In essence, what the statement does is tell the Orthodox community that we should not explicitly support our gay congregants, family, or friends’ homosexual relationships because they are not halachically valid, but if you so desire, when they want to come to shul or the family barbecue, with or without their partners and/or children, we should welcome them with open arms. I suppose my issue with this construct is that it continues to place the burden of blame for violating halacha on the shoulders of these gay individuals. We tell them that they’re violating halacha, but if they choose to do so (after all, is it really a choice to want to have a partner in life?), we won’t blame them for it. I just wonder if at any point the Orthodox community will explicitly grapple with the contradiction of halacha and our (independent?) moral instincts.

(In a similar vein, will we ever acknowledge that expecting Orthodox singles to be shomer negiah until they marry in their late 20s or early 30s is absurd? Because currently, many frum Orthodox singles in their 20s are “hooking up” on the side while pretending to be shomer negiah at shul, and this lifestyle is becoming increasingly widespread.) Will we ever stop handling these tricky questions by simply turning the other cheek, and instead step up and recognize how deeply this naive approach is hurting anyone who isn’t a married heterosexual Jew?

Blogger #2-Cashia
It bemoans me that the conversation on homosexuality needs to begin where this document does. Do we truly need to be reminded that all human beings are, well, human? Must we be told that we are prohibited from embarrassing, harassing or demeaning anyone?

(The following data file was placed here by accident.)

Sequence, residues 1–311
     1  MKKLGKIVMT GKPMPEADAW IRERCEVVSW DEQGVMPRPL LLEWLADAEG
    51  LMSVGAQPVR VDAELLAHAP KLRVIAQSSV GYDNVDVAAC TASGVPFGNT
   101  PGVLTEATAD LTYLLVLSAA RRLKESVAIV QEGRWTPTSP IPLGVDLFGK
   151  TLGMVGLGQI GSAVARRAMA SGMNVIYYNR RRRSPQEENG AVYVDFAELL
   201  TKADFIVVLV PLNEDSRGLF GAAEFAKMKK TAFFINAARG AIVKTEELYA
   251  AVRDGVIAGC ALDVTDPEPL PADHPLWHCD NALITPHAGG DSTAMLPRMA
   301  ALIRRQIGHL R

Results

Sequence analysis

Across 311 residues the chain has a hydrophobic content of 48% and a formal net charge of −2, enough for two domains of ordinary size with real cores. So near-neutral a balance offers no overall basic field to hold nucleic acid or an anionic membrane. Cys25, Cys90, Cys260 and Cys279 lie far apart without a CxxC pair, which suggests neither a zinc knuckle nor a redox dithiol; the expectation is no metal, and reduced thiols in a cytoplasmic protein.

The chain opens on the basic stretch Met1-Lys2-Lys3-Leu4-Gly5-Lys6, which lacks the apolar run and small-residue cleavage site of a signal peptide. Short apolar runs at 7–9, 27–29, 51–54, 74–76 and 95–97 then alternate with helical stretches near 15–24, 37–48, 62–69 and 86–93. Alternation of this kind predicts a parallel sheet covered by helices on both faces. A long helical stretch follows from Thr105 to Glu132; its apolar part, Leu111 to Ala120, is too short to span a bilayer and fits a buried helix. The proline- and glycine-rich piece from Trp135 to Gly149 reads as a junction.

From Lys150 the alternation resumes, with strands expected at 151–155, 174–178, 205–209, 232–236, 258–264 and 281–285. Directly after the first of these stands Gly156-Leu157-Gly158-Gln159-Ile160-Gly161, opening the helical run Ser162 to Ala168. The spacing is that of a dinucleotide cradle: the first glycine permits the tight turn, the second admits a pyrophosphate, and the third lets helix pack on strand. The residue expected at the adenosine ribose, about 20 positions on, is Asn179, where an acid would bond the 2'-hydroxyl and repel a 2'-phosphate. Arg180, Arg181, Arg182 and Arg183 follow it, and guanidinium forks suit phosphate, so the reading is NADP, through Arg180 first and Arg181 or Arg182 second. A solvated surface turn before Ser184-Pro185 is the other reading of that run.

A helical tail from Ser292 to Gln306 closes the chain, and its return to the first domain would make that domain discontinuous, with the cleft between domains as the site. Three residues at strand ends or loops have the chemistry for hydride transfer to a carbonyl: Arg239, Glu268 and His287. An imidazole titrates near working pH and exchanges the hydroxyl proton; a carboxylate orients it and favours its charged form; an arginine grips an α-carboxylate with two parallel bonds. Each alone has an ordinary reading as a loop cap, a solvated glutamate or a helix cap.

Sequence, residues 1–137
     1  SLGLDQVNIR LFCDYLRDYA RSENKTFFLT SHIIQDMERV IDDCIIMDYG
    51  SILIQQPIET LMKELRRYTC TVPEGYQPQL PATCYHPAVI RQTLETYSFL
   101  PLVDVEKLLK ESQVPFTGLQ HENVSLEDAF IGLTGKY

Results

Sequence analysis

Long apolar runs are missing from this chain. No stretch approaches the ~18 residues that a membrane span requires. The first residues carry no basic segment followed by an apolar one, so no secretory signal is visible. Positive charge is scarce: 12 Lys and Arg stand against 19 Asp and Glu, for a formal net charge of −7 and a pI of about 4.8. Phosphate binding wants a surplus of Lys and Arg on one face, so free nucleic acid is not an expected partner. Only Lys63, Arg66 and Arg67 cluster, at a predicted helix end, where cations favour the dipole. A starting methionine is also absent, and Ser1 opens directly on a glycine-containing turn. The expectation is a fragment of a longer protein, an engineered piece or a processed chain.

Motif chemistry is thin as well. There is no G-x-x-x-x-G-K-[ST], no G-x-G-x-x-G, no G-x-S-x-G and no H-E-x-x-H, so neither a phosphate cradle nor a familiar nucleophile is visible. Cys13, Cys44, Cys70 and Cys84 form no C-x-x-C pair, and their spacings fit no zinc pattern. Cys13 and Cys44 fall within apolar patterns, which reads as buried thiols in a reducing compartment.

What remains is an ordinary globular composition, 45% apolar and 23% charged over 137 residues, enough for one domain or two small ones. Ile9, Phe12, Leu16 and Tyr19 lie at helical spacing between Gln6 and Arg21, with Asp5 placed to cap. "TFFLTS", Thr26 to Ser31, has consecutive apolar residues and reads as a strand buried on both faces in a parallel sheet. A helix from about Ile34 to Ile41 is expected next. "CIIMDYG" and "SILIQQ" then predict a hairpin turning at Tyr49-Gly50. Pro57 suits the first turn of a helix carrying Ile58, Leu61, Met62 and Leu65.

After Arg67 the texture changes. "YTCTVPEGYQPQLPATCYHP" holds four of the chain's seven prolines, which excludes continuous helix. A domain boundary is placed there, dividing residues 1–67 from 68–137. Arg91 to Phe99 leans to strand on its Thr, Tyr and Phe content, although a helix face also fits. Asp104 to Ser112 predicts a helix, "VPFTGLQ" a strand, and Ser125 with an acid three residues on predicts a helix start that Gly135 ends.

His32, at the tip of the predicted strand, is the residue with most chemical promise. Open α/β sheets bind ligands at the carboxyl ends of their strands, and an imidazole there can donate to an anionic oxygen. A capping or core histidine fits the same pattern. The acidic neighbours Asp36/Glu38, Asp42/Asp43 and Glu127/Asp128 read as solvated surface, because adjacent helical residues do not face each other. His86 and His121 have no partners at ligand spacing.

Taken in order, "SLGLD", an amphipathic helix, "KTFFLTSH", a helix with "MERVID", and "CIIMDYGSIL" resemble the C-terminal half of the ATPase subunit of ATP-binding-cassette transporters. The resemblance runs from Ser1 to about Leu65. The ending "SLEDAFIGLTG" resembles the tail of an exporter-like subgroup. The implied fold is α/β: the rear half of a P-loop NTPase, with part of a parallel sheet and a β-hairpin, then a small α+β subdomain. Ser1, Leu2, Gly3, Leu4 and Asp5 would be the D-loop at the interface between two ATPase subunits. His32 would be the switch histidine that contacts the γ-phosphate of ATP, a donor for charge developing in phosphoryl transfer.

It is an egotism to believe that we have the power to decide which aveirot are more severe than others. Who are we to proclaim that those who cheat on their taxes, those who treat others improperly, those who keep kosher homes but eat non-kosher in secret (perhaps I should add those who are shomer negiah in public but “hooking up” in private) are still worthy to be members of our community and receive honors, but those who have homosexual inclinations, or are in a homosexual relationship, do not deserve those same rights?

But I am conflicted by one of Svara’s points: “I just wonder if at any point the Orthodox community will explicitly grapple with the contradiction of halacha and our (independent?) moral instincts.” I wonder if this is the fear that permeates the Orthodox community which makes us so much quicker to condemn homosexuality and not kick out of our communities individuals who are convicted of attempted murder or child molestation: does halakha contradict our moral instincts?

My instinct is to answer a resounding no. But I have certainly felt that contradiction at times, this time being no exception.
I have many questions and no answers. But I will continue to grapple with these questions. Because I do not believe halakha offers us simple answers. But I do believe it has answers. And if those answers contradict my “(independent) moral instincts,” perhaps that is G-d’s way of telling me that I have not yet found the correct answers. And so we must continue to seek

For the Full Version- see here

Quarreling with Orthodoxy- more post-orthodoxy